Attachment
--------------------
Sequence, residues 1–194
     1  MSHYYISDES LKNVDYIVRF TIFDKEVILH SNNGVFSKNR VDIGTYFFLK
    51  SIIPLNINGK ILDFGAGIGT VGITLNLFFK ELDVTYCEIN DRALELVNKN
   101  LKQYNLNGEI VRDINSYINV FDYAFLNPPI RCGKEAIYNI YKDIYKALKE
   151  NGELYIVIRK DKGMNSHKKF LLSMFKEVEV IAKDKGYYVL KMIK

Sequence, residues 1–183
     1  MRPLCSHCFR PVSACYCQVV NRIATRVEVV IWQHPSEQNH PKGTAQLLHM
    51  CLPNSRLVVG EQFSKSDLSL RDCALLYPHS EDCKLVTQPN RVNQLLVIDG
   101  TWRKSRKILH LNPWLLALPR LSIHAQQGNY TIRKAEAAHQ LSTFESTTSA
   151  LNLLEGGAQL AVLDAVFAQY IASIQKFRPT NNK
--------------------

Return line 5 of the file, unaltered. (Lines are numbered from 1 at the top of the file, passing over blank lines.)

   151  NGELYIVIRK DKGMNSHKKF LLSMFKEVEV IAKDKGYYVL KMIK